#1
Okay so I'm trying to play over the following chord changes, which are quite a bit more advanced than what I have done before, but I don't think it's out of reach and neither does my guitar teacher.

Summertime

Gm7|---|---|---|

Cm7|---|D7|Eb7 D7|

Gm7|Am7 D7#9|Gm7|Cm7 F7|

Bb7 Eb7|D7#9|Gm7|Eb7 D7#9|

What I've been doing is G minor with a sharp 6 accidental (for flavor) first four bars, flat the six for the next two, G harmonic minor over the D7, highlight the Db in Eb7.
The first ii V I I'm confused about. The second I just play Bb major (G minor), flat the seventh (Ab) for the Bb7, then the third (Db) over the Eb7. Then I get confused again.

Any help would be appreciated.
#2
the first thing you should do is simplify the changes. for soloing purposes I'd begin by removing all of the ii chords in the ii V relationships (so the Am7-D7 bar just think d7, same with the cm7 f7 bar, and the Bb7-Eb7). next I'd work on changing the tritone sub chords to regular dominants and removing any excess turnarounds and secondary dominants. this would give you the following set of changes, which is MUCH easier to work with, and a better guideline to playing the tune with other people (as with live jazz, changes are subject to change, so its usually good to get a very basic set down, and then work on figuring out different substitutions you can use, rather then just memorize changes off a sheet that are more often then not some arranger's pet chord substitutions. basically what you want is a bare bones guide of the tune when your first learning it) :

gm7/gm7/gm7/gm7
cm7/cm7/D7/D7/
gm7/D7/Gm7/Gm7
D7/D7/Gm7/D7.
then try to play the third of each chord only, then the seventh of each chord, practice running up the arpeggio and down the chord/scale for each chord and eventually playing through the changes in constant quarter and eighth notes, until these changes are ingrained in your ears. then add in the chords I took out and do the same thing. once you know the tune pretty well, talk to your teacher about additional chords and cycles you can add in.
all the best.
(insert self-aggrandizing quote here)
Last edited by tehREALcaptain at Apr 9, 2012,
#3
This tune is a variation on a minor blues, for example in the second row e.g. |D7|Eb7 D7| this is just a variation on a minor 2-5-1 and can be viewed as | a-7b5 | d7b9 | G-7 |

you can improvise the tune using:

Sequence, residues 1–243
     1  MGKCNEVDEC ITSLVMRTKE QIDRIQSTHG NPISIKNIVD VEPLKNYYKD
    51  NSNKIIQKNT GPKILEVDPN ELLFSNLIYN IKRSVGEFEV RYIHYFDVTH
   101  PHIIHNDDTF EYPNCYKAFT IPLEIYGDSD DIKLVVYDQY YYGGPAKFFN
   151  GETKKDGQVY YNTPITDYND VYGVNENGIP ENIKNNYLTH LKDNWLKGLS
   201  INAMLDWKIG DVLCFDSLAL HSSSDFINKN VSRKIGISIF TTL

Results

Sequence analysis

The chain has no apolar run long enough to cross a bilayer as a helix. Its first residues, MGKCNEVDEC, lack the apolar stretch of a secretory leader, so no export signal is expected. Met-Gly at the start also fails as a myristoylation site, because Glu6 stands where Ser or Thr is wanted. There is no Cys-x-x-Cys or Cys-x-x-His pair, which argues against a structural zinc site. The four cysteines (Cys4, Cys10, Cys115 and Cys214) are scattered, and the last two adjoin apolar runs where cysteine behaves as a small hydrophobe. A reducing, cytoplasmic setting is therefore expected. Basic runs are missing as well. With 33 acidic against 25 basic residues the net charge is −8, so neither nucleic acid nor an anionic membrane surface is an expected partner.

G minor pentatonic/blues scale
Chord tones
G melodic minor
G dorian (CST)
I also like to use side stepping for creating tension leading to the C-7
you also can use chromatic for connecting the guide tones.

I think this tune is really rooted in the blues and the solo should reflect this.

here is a recording of the tune I did a while back it may give you some ideas
http://www.box.com/shared/ocedyxmf8z
#4
Quote by tehREALcaptain
the first thing you should do is simplify the changes. for soloing purposes I'd begin by removing all of the ii chords in the ii V relationships (so the Am7-D7 bar just think d7, same with the cm7 f7 bar, and the Bb7-Eb7). next I'd work on changing the tritone sub chords to regular dominants and removing any excess turnarounds and secondary dominants. this would give you the following set of changes, which is MUCH easier to work with, and a better guideline to playing the tune with other people (as with live jazz, changes are subject to change, so its usually good to get a very basic set down, and then work on figuring out different substitutions you can use, rather then just memorize changes off a sheet that are more often then not some arranger's pet chord substitutions. basically what you want is a bare bones guide of the tune when your first learning it) :

gm7/gm7/gm7/gm7
cm7/cm7/D7/D7/
gm7/D7/Gm7/Gm7
D7/D7/Gm7/D7.
then try to play the third of each chord only, then the seventh of each chord, practice running up the arpeggio and down the chord/scale for each chord and eventually playing through the changes in constant quarter and eighth notes, until these changes are ingrained in your ears. then add in the chords I took out and do the same thing. once you know the tune pretty well, talk to your teacher about additional chords and cycles you can add in.


Nailed it - and I especially like that you raised the point about simplifying that analysis on the ii V because that observation right there is something a lot of people miss - and I hope people take note because this is a gem of a suggestion that can help a lot of people, when they play.

Best,

Sean